MILLWALL had to come from behind to draw with struggling Sunderland at The Den on Saturday.
Sunderland went ahead in the 31st minute when Aiden McGeady played a corner short to Bryan Oviedo, and he was given too much room to run infield and fire left-footed past Jordan Archer at the near post.
Millwall were poor before the break and it was no surprise to see them with far more urgency in the second half.
They pinned Sunderland in their own half, and got their reward with just over 20 minutes left when Shaun Hutchinson scrambled in an equaliser.
Sunderland were proving obdurate opponents, though, hanging on for a precious point, though it does little to help their survival hopes.
Millwall wanted two more and seemed far the more likely side to get it. Tim Cahill was introduced with three minutes left to play behind an attacking trio of Steve Morison, Lee Gregory and another substitute, Fred Onyedinma.
But the hosts were frustrated by a side that had they shown the same level of fight this season probably wouldn’t be down where they are.
Sunderland had made six changes to their line-up from last weekend, in contrast to Lions boss Neil Harris who named the same team for the fourth successive game.
Sunderland didn’t actually seem to be approaching the game as if they were desperately fighting to stay in the division. They sat back initially and allowed Shaun Williams time on the ball in midfield, but if they were expecting a Den onslaught they didn’t get it and that emboldened them to attack.
Right wing-back Adam Matthews flashed a low cross into the box that Ashley Fletcher, standing only a couple of yards out, just had to get a touch on to score against Millwall again as he had done for Barnsley in the 2016 League One play-off final.
Sunderland have the worst defence in the division but were barely stretched before the break, Jake Cooper’s long diagonals towards Morison not paying off and not really worrying the visitors.
Chris Coleman changed his goalkeepers after Lee Camp conceded three Middlesbrough last weekend, but the only real thing Jason Steele had to do in the first half was palm away an effort from the edge of the box from Shaun Williams.
That was one of the few good attacking moves Millwall had put together as they unusually struggled to create chances in the box.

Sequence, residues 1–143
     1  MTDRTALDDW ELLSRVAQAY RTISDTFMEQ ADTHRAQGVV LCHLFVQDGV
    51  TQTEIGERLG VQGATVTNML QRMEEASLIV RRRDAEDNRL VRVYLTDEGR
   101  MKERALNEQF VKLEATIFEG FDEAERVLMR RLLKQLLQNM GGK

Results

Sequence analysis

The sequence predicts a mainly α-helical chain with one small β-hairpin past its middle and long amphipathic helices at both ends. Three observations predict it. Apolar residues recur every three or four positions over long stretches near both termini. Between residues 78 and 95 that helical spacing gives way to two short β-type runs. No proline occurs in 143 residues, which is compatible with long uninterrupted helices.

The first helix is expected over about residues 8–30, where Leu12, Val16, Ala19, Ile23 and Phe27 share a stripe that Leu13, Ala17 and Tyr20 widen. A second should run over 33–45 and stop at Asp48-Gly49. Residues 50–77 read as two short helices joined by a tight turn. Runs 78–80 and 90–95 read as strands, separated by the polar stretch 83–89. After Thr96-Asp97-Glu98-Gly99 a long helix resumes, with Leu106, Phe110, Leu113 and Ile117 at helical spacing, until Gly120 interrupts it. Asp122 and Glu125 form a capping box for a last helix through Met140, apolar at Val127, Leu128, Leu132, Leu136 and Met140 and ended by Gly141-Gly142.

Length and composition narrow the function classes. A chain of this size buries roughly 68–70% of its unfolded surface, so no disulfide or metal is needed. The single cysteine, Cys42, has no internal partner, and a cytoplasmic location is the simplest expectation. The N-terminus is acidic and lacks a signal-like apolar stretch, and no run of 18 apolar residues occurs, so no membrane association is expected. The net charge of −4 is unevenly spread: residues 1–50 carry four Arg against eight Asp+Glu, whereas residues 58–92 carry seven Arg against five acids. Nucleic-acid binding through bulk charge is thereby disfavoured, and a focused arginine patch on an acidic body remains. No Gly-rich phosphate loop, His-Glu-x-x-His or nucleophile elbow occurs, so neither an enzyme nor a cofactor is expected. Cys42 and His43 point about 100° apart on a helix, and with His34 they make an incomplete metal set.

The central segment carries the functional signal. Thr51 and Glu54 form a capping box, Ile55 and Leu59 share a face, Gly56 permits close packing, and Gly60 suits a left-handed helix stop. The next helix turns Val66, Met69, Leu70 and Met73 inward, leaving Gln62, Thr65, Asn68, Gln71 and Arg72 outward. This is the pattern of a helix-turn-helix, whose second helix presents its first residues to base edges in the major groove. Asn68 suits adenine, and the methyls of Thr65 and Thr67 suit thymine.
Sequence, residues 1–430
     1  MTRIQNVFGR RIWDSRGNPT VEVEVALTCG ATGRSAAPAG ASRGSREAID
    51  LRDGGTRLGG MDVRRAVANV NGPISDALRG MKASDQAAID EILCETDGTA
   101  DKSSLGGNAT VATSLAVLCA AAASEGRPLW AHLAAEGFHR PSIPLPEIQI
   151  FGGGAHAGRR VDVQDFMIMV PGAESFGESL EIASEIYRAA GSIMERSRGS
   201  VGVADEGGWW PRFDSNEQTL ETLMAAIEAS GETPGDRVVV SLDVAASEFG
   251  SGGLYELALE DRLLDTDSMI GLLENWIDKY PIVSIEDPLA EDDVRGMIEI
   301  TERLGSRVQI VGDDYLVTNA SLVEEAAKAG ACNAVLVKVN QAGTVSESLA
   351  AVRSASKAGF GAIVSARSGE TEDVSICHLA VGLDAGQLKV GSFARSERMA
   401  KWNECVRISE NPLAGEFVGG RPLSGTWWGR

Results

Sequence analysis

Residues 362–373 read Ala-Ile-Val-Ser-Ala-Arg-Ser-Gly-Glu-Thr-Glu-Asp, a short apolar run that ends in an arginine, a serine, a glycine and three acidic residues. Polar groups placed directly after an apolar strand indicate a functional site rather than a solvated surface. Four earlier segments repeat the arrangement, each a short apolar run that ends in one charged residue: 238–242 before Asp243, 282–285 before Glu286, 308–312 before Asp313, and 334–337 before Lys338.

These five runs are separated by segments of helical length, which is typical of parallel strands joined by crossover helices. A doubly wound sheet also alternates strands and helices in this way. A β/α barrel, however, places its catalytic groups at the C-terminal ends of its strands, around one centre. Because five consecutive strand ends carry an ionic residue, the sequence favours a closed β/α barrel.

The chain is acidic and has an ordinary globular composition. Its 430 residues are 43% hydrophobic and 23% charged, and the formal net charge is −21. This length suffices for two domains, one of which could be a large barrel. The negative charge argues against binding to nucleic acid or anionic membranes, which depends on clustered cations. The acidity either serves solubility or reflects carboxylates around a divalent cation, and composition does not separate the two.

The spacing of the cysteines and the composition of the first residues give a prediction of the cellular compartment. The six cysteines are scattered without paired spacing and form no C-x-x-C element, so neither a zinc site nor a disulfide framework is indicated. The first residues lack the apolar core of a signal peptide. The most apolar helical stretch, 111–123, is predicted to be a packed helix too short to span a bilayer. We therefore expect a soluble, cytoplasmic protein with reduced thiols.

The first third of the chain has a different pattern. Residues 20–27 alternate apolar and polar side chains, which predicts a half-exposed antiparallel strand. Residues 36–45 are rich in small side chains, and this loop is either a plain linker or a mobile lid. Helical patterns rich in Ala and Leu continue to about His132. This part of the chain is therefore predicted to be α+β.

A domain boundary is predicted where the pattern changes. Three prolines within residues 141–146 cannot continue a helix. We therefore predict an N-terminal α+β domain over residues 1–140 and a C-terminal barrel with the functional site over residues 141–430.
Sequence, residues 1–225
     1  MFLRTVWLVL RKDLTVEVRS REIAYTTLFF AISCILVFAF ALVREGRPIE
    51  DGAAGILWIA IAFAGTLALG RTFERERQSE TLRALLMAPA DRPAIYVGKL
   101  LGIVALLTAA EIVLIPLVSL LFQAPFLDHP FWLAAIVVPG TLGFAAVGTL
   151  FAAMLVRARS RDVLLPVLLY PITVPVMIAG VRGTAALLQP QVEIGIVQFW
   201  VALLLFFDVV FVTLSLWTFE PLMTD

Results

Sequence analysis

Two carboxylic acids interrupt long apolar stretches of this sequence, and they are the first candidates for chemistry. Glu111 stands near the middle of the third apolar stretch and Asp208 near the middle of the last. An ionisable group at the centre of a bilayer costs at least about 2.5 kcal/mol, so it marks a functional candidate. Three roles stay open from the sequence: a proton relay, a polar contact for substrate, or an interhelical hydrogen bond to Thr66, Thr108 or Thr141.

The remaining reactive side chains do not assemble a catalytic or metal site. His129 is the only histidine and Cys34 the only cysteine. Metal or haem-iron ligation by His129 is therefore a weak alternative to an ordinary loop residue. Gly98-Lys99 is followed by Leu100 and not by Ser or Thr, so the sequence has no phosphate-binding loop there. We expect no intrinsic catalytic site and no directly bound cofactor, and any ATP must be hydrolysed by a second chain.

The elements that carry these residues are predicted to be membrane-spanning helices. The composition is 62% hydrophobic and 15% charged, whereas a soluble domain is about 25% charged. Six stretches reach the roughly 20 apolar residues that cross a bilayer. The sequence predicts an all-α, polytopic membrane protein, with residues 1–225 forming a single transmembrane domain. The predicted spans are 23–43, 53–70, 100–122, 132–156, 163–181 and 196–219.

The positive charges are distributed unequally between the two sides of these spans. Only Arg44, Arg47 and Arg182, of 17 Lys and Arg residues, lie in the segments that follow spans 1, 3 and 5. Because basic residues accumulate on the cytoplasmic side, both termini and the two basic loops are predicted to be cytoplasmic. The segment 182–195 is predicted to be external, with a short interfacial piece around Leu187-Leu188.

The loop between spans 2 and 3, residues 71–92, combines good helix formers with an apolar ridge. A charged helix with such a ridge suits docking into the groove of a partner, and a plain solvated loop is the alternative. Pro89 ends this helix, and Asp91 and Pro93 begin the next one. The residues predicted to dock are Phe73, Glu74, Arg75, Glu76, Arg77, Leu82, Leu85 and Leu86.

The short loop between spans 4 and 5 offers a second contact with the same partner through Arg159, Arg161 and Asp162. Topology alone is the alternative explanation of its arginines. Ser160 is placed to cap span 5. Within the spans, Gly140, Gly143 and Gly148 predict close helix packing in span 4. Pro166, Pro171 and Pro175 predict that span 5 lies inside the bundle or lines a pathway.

There was an all-round sloppiness to their play and it didn’t come as a shock when they went behind. They needlessly conceded a corner, and then carelessly failed to have adequate cover as Oviedo saw a chance to drift towards the box and fire home. It was a gift of a goal.
Millwall couldn’t build up any kind of head of steam, attacking in fits and starts, with Gregory often isolated against three centre-backs. Jed Wallace and Ben Marshall were seeing very little of the ball in attacking wide areas, and instead it was Sunderland’s wing-backs doing the damage. Marshall got one rare chance to cross but Morison headed wide.
The home side seemed to realise who they were playing against after the break, a side low on confidence that they should have been much more severely testing,
Millwall were playing almost entirely in Sunderland’s half since the break and Gregory forced Steele into two saves, though ones the goalkeeper would have been expected to make.
Harris’ side were giving Coleman something to think about, his defence under pressure with Lamine Kone intervening as Wallace tried to steal in behind. Coleman brought on Joel Asoro for Callum McManaman, and that was the moment Lions fans started chanting Cahill’s name, the Australian having scored eight goals against the Black Cats in his career.
But he wasn’t needed to drag the Lions level. It appeared Morison was about to do that when he found himself alone at the back post to connect with Wallace’s cross, only for the ball to come off Steele’s legs for a corner. And when it came in from Williams, Hutchinson scuffed home his first goal since August.
Millwall were taking risks for the win now, leaving Hutchinson one-on-one with Asoro at the back as Gregory read Morison’s flick-on but just failed to get a touch to the ball as Steele came off his line.
With just under 10 minutes left Harris sent on Onyedinma for Marshall and the attacker’s first touch was a brilliant back-heel to James Meredith, before the ball was worked to Wallace but he shot over.
It had been a big improvement in the second half, not enough for three points, though the unbeaten league run stretches to nine games.
Image: Millwall FC